I want to be able to get a estimate of the distance between two (latitude, longitude) points. I want to undershoot, as this will be for A* graph search and I want it to be fast. The points will be at most 800 km apart.
The answers to Haversine Formula in Python (Bearing and Distance between two GPS points) provide Python implementations that answer your question.
Using the implementation below I performed 100,000 iterations in less than 1 second on an older laptop. I think for your purposes this should be sufficient. However, you should profile anything before you optimize for performance.
from math import radians, cos, sin, asin, sqrt
def haversine(lon1, lat1, lon2, lat2):
Calculate the great circle distance between two points
on the earth (specified in decimal degrees)
# convert decimal degrees to radians
lon1, lat1, lon2, lat2 = map(radians, [lon1, lat1, lon2, lat2])
# haversine formula
dlon = lon2 - lon1
dlat = lat2 - lat1
a = sin(dlat/2)**2 + cos(lat1) * cos(lat2) * sin(dlon/2)**2
c = 2 * asin(sqrt(a))
# Radius of earth in kilometers is 6371
km = 6371* c
haversine(lat1, long1, lat2, long2) * 0.90 or whatever factor you want. I don't see how introducing error to your underestimation is useful.
Since the distance is relatively small, you can use the equirectangular distance approximation. This approximation is faster than using the Haversine formula. So, to get the distance from your reference point (lat1/lon1) to the point your are testing (lat2/lon2), use the formula below. Important Note: you need to convert all lat/lon points to radians:
R = 6371 // radius of the earth in km x = (lon2 - lon1) * cos( 0.5*(lat2+lat1) ) y = lat2 - lat1 d = R * sqrt( x*x + y*y )
Since 'R' is in km, the distance 'd' will be in km.
For maximal speed, you could create something like a rainbow table for coordinate distances. It sounds like you already know the area that you are working with, so it seems like pre-computing them might be feasible. Then, you could load the nearest combination and just use that.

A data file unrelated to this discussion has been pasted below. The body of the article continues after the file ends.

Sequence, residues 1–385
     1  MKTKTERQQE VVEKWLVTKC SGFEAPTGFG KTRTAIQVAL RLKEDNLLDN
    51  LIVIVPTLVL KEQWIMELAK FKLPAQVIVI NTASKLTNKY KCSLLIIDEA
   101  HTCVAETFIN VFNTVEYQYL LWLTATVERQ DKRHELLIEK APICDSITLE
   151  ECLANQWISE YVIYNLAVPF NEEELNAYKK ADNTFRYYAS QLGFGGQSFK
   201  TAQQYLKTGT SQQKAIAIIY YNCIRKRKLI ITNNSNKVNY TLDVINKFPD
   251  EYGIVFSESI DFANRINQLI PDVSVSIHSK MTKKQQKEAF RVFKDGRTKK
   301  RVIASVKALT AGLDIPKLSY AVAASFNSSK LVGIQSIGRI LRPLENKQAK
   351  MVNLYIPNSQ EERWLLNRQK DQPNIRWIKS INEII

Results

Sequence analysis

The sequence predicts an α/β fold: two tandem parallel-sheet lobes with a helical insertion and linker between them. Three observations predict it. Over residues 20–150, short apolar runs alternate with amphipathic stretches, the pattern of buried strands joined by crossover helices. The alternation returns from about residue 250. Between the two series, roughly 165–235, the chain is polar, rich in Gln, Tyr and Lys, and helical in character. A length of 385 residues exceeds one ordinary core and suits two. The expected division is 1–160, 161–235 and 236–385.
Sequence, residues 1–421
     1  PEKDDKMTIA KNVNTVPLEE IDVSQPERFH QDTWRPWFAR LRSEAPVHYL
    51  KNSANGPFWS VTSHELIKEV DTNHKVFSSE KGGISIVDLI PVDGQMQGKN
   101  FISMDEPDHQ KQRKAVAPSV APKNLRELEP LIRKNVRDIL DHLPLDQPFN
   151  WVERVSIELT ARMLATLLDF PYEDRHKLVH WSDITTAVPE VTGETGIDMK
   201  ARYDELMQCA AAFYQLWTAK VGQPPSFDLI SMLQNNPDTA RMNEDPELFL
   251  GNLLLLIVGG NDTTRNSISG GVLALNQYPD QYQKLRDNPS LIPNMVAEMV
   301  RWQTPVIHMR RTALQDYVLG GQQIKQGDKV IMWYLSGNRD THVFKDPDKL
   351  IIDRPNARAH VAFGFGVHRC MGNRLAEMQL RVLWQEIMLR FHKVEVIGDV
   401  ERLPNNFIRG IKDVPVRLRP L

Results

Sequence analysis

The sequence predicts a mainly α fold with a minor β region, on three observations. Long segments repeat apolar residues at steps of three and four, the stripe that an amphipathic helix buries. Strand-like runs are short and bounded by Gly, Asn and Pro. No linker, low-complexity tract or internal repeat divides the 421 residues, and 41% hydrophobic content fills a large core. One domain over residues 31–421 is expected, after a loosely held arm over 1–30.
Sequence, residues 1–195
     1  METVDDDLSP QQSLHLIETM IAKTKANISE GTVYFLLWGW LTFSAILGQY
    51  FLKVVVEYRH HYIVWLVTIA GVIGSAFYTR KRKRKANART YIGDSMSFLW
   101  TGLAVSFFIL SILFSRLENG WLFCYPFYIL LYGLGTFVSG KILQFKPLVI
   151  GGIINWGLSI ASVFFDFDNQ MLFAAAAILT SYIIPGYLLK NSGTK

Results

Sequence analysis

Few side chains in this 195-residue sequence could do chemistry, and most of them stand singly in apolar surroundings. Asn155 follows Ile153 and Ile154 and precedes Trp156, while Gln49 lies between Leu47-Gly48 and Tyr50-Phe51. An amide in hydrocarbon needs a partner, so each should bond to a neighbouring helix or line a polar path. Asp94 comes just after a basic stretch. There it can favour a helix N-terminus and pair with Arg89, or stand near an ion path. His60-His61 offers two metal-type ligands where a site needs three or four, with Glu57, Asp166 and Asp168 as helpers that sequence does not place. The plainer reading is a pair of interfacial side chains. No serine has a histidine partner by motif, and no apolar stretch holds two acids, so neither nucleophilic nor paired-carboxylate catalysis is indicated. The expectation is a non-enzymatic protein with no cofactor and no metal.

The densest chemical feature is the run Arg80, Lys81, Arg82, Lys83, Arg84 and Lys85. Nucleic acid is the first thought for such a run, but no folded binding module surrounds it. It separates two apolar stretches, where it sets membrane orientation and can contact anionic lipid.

For example, in the continental United States, the longitude is a 55 degree span and latitude is 20, which would be 1100 whole number points. The distance between all the possible combinations is a handshake problem which is answered by (n-1)(n)/2 or about 600k combinations. That seems pretty feasible to store and retrieve. If you provide more information about your requirements, I could be more specific.
If the distance between points is relatively small (meters to few km range) then one of the fast approaches could be
from math import cos, sqrt def qick_distance(Lat1, Long1, Lat2, Long2): x = Lat2 - Lat1 y = (Long2 - Long1) * cos((Lat2 + Lat1)*0.00872664626) return 111.319 * sqrt(x*x + y*y)
Lat, Long are in radians, distance in km.
Deviation from Haversine distance is in the order of 1%, while the speed gain is more than ~10x.
0.00872664626 = 0.5 * pi/180,
111.319 - is the distance that corresponds to 1degree at Equator, you could replace it with your median value like here https://www.cartographyunchained.com/cgsta1/ or replace it with a simple lookup table.
Please use the following code.
def distance(lat1, lng1, lat2, lng2): #return distance as meter if you want km distance, remove "* 1000" radius = 6371 * 1000 dLat = (lat2-lat1) * math.pi / 180 dLng = (lng2-lng1) * math.pi / 180 lat1 = lat1 * math.pi / 180 lat2 = lat2 * math.pi / 180 val = sin(dLat/2) * sin(dLat/2) + sin(dLng/2) * sin(dLng/2) * cos(lat1) * cos(lat2) ang = 2 * atan2(sqrt(val), sqrt(1-val)) return radius * ang
To calculate a haversine distance between 2 points u can simply use mpu.haversine_distance() library, like this:
>>> import mpu >>> munich = (48.1372, 11.5756) >>> berlin = (52.5186, 13.4083) >>> round(mpu.haversine_distance(munich, berlin), 1) >>> 504.2